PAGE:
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It is well known that $$\mathrm{e}=\sum_{n=0}^\infty \frac{1}{n!}.$$ Recently, I was reminded that the volume of an $n$-simplex in $n$-dimensional space, with vertices $v_0,v_1,\dots,v_n$ is $$\left| \frac{1}{n!} \det \left(v_1-v_0,v_2-v_0,\dots,v_n-v_0 \right) \right|.$$ In particular, if for all $i$, $v_i-v_0=e_i$ is the $i$th standard basis vector, we find that the $n$-dimensional volume of the so-called "corner of the unit cube", $\Delta_c^n$ is $1/n!$.

Thus, one can say that Euler's number is the sum of the volumes of corners of unit cubes, taken over all dimensions, or as a formula $$\mathrm{e}=\sum_{n=0}^\infty \operatorname{vol_n}\left( \Delta_c^n \right).$$

Moreover, scaling each of the $\Delta_c^ns$ by the same nonnegative real number $x$, scales its volume by $x^n$, and one gets a geometrical formula for the exponential function:

$$\mathrm{e}^x =\sum_{n=0}^\infty \operatorname{vol_n} \left( x \cdot \Delta_c^n \right)=\sum_{n=0}^\infty \operatorname{vol_n} \left( \Delta_c^n \right) x^n. $$ In fact, the power series on the right can be continued analytically to a complex, entire function of $x$.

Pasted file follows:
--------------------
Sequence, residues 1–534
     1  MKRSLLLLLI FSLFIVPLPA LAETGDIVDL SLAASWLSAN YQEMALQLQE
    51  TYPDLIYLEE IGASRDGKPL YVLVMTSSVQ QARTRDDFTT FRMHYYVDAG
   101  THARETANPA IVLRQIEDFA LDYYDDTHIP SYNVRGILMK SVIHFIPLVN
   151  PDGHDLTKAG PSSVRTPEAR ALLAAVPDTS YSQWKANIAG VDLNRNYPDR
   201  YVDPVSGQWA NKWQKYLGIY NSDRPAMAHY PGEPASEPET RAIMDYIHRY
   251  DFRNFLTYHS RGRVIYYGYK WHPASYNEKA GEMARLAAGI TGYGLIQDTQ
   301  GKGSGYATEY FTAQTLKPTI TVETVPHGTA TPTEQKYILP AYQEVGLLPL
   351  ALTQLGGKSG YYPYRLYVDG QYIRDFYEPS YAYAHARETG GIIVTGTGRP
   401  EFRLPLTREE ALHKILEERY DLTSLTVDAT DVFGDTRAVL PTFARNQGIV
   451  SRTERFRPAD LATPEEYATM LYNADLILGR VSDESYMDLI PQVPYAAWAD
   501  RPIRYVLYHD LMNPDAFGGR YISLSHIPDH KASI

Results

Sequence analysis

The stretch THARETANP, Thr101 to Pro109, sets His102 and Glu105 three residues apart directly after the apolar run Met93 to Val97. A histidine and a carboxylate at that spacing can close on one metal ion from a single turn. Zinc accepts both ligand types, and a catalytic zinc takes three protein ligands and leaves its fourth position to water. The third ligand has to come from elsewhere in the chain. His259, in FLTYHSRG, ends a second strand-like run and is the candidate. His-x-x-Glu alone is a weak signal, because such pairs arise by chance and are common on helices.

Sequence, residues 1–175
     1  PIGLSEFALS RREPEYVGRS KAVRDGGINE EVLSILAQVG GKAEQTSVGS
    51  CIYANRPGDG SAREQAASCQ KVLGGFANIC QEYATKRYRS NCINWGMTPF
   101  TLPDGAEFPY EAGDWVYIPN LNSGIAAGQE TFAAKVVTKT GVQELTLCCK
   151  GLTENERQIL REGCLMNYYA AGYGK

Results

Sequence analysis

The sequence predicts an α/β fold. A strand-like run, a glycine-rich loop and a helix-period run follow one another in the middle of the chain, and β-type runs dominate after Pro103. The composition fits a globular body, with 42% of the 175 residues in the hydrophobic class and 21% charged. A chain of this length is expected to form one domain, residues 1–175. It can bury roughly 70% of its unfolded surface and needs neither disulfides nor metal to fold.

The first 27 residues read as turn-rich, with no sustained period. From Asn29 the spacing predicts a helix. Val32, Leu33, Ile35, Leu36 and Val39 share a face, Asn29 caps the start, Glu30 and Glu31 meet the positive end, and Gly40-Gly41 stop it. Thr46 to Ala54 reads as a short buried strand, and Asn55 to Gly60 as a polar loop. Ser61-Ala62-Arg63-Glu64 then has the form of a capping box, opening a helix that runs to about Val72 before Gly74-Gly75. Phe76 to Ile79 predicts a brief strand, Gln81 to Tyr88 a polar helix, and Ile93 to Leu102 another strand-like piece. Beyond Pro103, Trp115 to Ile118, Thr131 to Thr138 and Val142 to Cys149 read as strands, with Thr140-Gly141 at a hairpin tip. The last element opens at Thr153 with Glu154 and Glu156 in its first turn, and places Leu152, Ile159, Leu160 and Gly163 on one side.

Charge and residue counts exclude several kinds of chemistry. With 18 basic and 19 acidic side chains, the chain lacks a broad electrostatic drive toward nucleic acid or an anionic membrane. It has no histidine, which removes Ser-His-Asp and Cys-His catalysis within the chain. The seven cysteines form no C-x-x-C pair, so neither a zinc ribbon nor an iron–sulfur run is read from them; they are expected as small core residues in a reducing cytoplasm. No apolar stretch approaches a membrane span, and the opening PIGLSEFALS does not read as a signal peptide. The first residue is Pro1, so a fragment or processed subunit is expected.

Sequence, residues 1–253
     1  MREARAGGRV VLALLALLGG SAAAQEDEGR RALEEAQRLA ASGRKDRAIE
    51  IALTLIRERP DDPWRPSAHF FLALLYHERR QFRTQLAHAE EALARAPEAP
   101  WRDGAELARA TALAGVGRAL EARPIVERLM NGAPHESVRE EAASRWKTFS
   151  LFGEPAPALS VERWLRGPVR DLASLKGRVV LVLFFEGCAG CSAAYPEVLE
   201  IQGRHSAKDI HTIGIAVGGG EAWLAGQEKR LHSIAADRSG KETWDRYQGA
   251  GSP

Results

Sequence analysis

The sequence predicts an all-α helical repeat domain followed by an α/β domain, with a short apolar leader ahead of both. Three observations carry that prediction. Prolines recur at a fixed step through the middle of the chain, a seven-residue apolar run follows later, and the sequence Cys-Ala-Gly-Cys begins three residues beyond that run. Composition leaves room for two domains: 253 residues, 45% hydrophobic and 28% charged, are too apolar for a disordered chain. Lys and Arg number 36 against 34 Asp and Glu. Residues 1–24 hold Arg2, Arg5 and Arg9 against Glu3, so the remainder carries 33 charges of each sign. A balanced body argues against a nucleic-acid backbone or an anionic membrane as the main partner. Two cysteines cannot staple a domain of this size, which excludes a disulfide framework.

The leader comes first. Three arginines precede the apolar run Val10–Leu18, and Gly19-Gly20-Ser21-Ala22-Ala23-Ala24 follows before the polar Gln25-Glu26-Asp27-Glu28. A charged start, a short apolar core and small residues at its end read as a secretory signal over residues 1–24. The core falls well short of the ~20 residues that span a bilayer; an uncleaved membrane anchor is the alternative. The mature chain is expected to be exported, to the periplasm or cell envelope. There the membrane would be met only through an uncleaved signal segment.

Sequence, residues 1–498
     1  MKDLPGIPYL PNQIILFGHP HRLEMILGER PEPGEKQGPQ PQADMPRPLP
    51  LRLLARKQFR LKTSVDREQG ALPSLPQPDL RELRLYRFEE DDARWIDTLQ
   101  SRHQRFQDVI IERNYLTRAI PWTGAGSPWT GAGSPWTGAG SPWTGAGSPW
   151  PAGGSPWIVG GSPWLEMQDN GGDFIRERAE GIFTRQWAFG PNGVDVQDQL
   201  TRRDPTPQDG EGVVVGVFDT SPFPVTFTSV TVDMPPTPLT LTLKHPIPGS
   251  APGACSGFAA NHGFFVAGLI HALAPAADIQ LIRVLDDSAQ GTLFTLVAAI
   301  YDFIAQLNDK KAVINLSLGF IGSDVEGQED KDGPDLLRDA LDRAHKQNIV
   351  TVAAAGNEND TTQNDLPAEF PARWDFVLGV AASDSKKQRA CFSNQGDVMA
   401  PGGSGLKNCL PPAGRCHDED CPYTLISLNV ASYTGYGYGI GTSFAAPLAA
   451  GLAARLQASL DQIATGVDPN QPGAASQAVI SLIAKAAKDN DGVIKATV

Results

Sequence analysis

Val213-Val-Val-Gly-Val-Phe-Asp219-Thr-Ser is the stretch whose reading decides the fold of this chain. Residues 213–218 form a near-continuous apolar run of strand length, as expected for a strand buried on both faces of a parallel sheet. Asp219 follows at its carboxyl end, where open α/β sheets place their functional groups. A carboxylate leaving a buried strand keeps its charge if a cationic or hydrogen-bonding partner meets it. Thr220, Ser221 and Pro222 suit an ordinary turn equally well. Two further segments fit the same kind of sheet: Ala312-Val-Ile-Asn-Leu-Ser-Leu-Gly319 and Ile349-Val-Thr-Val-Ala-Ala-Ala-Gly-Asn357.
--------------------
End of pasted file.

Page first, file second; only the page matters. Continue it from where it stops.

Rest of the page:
One can do the same for other families of shapes, for example it is known that the volume of an $n$-dimensional ball, of radius $x$, is $x^n \pi^{n/2}/\Gamma(n/2+1)$. Hence, the associated function takes the form $$\sum_{n=0}^\infty \frac{\pi^\frac{n}{2}}{\Gamma\left(\frac{n}{2}+1 \right)} x^n =e^{\pi x^2} \left(\text{erf}\left(\sqrt{\pi } x\right)+1\right).$$

I was wondering what happens if one replaces the corners of the cubes of the exponential function by the regular simplices, of side-length $x$. The associated function is then $$f(x)=\sum_{n=0}^\infty \frac{\sqrt{1+n}}{n! 2^\frac{n}{2}} x^n,$$ which is entire. I've tried expressing $f(x)$ in terms of other functions, to no avail. Moreover, I couldn't even get a closed form for the simple-looking sum $$f\left( \sqrt{2} \right)= \sum_{n=0}^\infty \frac{\sqrt{1+n}}{n!}.$$ I would appreciate any help understanding/simplifying $f(x)$ in general, and $f(\sqrt{2})$ in particular. Thank you!

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    $\begingroup$ I'm going to throw it out there and say I doubt on any sort of closed form. $\endgroup$ – Simply Beautiful Art Jul 17 '17 at 12:38
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    $\begingroup$ One can write this as $\frac{1}{2\sqrt{\pi}}\int_0^{\infty} t^{-3/2} ( e^{-t+xe^{-t}}-e^x ) \, dt $, which doesn't look much like it has a closed form. $\endgroup$ – Chappers Jul 17 '17 at 13:26

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